No. Their have been studies done where they compared babies who watched multimedia educational materials (baby einstein) and babies who interacted with people/their parents, and found that babies who interacted with people/their parents developed faster. There is no substitution for human interaction.
No. There is no "multemedia" tha can substitute loving attention from parents. Everything your baby needs to learn, he will learn via interaction with the people that surround him. There is nothing more interactive than parents talking and playing with a baby.
No. There is very little evidence that multi media materials will help the development of a baby any more than good old-fashioned physical interaction. Some experts feel that it actually gets in the way of more beneficial stimuli. The american academy of pediatrics recommends no t.V. Or videos before the age of 2.
No. The american academy of pediatrics recommends that infants under 2 have no screen time, and no more than 2 hr/d for older children. You will do so much more for your child if you play, interact, read with him. Talk and describe what you see, "look! a red ball". Describe color, shape, texture, size, compare similarities, differences. Studies show 1:1 interaction produces smarter children vs media.
No. Babies have been developing just fine over the past 100 years without the recent multimedia materials. Since the human species changes/evolves very slowly, I am sure that today's babies can develop just fine with traditional non-electronic materials.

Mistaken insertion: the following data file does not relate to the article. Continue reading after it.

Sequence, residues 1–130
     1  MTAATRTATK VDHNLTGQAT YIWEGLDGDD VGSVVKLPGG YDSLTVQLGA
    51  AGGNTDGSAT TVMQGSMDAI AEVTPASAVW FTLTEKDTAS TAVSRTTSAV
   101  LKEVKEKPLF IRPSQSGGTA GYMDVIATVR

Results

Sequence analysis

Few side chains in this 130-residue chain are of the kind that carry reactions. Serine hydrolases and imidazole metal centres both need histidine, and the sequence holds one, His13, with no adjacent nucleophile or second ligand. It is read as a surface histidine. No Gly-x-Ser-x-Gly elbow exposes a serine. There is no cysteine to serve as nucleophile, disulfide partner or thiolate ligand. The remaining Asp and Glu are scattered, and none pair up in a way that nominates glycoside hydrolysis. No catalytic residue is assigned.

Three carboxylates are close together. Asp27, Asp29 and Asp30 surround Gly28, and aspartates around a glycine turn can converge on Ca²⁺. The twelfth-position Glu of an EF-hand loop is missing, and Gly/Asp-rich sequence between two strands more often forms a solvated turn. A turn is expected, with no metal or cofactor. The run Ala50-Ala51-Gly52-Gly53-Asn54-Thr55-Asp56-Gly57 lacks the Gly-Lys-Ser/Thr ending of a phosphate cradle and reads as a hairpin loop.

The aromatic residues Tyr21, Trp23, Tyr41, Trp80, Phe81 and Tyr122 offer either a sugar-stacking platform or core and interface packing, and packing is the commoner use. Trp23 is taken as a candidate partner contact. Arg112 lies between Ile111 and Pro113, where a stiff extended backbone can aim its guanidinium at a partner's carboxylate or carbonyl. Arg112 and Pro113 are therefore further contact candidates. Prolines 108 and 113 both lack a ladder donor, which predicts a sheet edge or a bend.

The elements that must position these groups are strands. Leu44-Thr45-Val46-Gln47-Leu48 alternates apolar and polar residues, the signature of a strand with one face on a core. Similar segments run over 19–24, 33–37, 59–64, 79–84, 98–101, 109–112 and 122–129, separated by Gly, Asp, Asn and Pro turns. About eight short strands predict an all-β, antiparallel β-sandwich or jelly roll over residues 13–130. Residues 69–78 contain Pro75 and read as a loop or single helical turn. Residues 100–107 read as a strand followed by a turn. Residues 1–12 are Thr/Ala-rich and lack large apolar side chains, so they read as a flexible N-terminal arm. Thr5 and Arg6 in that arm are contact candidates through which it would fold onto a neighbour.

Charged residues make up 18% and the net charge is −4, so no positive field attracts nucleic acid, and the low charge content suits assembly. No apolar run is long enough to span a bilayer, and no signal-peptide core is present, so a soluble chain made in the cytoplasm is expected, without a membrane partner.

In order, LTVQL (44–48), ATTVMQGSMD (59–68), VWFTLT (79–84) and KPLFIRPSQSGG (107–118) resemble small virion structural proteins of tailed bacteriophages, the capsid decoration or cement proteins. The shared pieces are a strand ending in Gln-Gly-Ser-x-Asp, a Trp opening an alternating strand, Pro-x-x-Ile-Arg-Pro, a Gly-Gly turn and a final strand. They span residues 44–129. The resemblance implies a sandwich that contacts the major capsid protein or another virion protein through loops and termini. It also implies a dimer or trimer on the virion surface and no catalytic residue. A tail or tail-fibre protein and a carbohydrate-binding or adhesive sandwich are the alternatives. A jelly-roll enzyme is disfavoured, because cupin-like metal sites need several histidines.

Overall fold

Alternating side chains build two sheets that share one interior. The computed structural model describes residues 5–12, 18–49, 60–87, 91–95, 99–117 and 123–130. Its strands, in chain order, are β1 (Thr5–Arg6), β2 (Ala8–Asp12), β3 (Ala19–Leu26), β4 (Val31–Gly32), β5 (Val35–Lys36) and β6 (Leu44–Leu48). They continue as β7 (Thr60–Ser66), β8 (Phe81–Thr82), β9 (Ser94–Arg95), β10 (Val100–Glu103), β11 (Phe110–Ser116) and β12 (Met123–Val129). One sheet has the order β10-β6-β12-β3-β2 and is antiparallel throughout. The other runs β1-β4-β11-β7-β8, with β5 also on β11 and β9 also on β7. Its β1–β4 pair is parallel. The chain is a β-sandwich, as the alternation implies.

No. The jury is still out, but the studies so far show a baby who interacts with parents with things such as just reading to them fair better and have higher IQ than multimedia exposure. This applies certainly for the first year of life, but then the answer gets hazier. If you are talking a baby under age one, parent time with one on one play, looking at picture books and reading to the baby is best.
No. "developmental" videos have not been shown to increase scores on tests of learning or intelligence in measurable ways. This means that one can save (a lot of) money as these products have not been shown to be helpful. On the other hand, parents seeking stimulating products as an alternative to tv aren't wrong. The real point is that "screens" should never substitute for in-person face-time.